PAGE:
Although there may have been some undecided voters inside the St. Pete Yacht club on Wednesday who attended a Tiger Bay debate between a supporter and critic of Florida's upcoming medical marijuana ballot measure, Pinellas County Sheriff Bob Gualtieri was not one of them.
"This is all about trying to get something on the ballot to get something legalized under the guise of calling it 'medical something' so people can sit around on Saturday night with a bunch of marijuana cigarettes and get high recreationally. That's really what it's all about," the Sheriff told CL after the forum, which featured Cassandra Akanu from Students for Sensible Drug Policy debating Lana Beck, from the Drug Free America Foundation on Amendment 2.
Gualtieri's response is not surprising in the least, as the Florida Sheriffs Association has been one of most prominent organizations to come out strongly in opposition to the medical marijuana initiative. They've recently launched a campaign called "Don't Let Florida Go to Pot" which includes a website
documenting what they say are the dangers of Florida becoming the 23rd state in the country to pass such a law, which would permit patients with a doctor's note to obtain pot legally at a state-sanctioned dispensary.
Among the hot-button topics that critics like Beck use in criticizing Amendment 2 is Florida's relatively recent troubles with opiates such as OxyContin, earning the Sunshine State the dubious distinction of being considered a"pill mill" filled with unscrupulous doctors irresponsibly prescribing drugs to people who did not need them. Beck said Amendment Two gives doctors, and virtually everyone else who will be involved in the medical marijuana industry, immunity.
"Amendment 2 gives immunity to the entire industry," Beck told the Tiger Bay audience. "Growers, users, sellers. What kind of industry has that type of protection?" she asked. "Even Big Tobacco doesn't have that. That raises a red flag for me."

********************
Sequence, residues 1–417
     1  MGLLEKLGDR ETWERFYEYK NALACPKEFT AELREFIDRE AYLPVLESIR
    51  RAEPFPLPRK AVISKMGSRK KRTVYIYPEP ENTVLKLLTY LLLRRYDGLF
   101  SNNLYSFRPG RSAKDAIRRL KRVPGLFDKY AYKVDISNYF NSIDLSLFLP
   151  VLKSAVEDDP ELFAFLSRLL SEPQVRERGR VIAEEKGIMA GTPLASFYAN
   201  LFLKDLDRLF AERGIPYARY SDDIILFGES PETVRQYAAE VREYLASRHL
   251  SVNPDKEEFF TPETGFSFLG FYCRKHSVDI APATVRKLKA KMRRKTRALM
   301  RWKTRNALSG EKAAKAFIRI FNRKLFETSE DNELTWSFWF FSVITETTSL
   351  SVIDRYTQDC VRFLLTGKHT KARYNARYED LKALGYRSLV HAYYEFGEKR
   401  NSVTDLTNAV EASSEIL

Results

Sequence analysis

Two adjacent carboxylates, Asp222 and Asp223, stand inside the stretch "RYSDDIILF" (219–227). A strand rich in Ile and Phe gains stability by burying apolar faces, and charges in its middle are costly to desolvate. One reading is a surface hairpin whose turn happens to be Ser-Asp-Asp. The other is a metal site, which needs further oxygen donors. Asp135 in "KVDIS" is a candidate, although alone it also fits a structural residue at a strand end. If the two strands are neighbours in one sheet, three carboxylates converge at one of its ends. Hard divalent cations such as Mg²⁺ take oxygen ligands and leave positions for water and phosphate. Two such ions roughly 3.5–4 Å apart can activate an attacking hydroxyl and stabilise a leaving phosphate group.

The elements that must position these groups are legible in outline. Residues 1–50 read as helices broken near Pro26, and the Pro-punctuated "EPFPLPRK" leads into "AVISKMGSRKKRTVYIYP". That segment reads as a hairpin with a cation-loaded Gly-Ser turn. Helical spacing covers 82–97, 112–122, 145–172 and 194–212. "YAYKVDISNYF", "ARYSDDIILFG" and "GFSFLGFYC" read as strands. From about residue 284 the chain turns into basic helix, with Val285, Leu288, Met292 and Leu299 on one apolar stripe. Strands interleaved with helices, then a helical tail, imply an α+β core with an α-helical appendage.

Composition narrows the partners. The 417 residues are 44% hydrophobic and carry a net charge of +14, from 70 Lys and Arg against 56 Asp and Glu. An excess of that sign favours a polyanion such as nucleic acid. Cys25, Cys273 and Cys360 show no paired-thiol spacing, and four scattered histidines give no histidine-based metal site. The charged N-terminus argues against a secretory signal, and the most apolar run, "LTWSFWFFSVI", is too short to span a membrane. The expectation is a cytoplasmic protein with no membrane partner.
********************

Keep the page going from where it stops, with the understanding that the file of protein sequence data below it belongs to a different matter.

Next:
The Sheriff wholeheartedly agrees. "This amendment will allow unscrupulous practitioners to open up pot shops and be pot docs and make a buck, and issue these certifications that are not prescriptions, they're just certifications, and somebody can take that to a dispensary and get their prescription in unlimited amounts."
During the Q&A session of the forum, St. Petersburg City Councilman Bill Dudley asked Cassandra Akanu from Students for Sensible Drug Policy how doctors would be able to differentiate between those with legitimate pain and health issues, and those who really don't need pot. She replied that "medication is medication," and it would be up to the professionalism of doctors to be responsible, just as is the case with any medication they dispense to their patients. "It gives the doctor the option to consider it," she added.
Gualtieri stressed that he's in full support of providing medication to those who are seriously ill to relieve pain, but says if that' s the case, there are already legal remedies such as Marinol (the only FDA-approved synthetic cannabinoid that comes in a capsule) and other prescription medications such as CBD, the second major cannabinoid in pot after THC, that has anti-inflammatory and pain-relieving properties, but no psychoactive effects. "But this isn't about that," he says.
But medical marijuana advocates say that Marinol typically provides only limited relief to select patients, as is the case with CBD's, such as "Charlotte's Web," that the Florida Legislature passed earlier this year.
"You see families who have moved from all over the country to get this 'Charlotte's Web' thing, and what they've found is that Charlotte's Web doesn't help their kids because it doesn't have a high enough THC ratio," Ben Pollara told CL
last month. Pollara is the campaign manager with United for Care, the group advocating for Amendment Two.
Gualtieri is well aware of the fact that Amendment 2 is doing quite well in the polls some five months before the election, but he says that's because Floridians simply haven't been properly educated about the measure. "It's all in how you form the question and what you're telling them," he says about the large support that it garners right now.
"So what you're going to end up with is a person who claims they've got a headache, they're going to to some doctor who's going to receive $100 or $200. They're going to give him certification, take them to a dispensary and they're going to sit there on Saturday night and smoke pot. That's what's really going to happen with it. "